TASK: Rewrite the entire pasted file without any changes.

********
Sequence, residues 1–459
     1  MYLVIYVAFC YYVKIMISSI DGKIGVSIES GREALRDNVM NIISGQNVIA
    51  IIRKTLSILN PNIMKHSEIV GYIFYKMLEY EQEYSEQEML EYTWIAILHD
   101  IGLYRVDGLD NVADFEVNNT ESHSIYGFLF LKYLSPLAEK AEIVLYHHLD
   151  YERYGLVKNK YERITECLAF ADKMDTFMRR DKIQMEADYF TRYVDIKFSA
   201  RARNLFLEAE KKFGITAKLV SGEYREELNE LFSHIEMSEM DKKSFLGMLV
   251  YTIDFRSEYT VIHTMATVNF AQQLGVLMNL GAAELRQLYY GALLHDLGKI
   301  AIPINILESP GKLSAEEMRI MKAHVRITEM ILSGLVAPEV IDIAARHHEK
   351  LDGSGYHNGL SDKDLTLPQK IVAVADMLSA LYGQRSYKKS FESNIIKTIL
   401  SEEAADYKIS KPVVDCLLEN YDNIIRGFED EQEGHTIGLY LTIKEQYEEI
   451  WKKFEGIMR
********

Sequence, residues 1–459
     1  MYLVIYVAFC YYVKIMISSI DGKIGVSIES GREALRDNVM NIISGQNVIA
    51  IIRKTLSILN PNIMKHSEIV GYIFYKMLEY EQEYSEQEML EYTWIAILHD
   101  IGLYRVDGLD NVADFEVNNT ESHSIYGFLF LKYLSPLAEK AEIVLYHHLD
   151  YERYGLVKNK YERITECLAF ADKMDTFMRR DKIQMEADYF TRYVDIKFSA
   201  RARNLFLEAE KKFGITAKLV SGEYREELNE LFSHIEMSEM DKKSFLGMLV
   251  YTIDFRSEYT VIHTMATVNF AQQLGVLMNL GAAELRQLYY GALLHDLGKI
   301  AIPINILESP GKLSAEEMRI MKAHVRITEM ILSGLVAPEV IDIAARHHEK
   351  LDGSGYHNGL SDKDLTLPQK IVAVADMLSA LYGQRSYKKS FESNIIKTIL
   401  SEEAADYKIS KPVVDCLLEN YDNIIRGFED EQEGHTIGLY LTIKEQYEEI
   451  WKKFEGIMR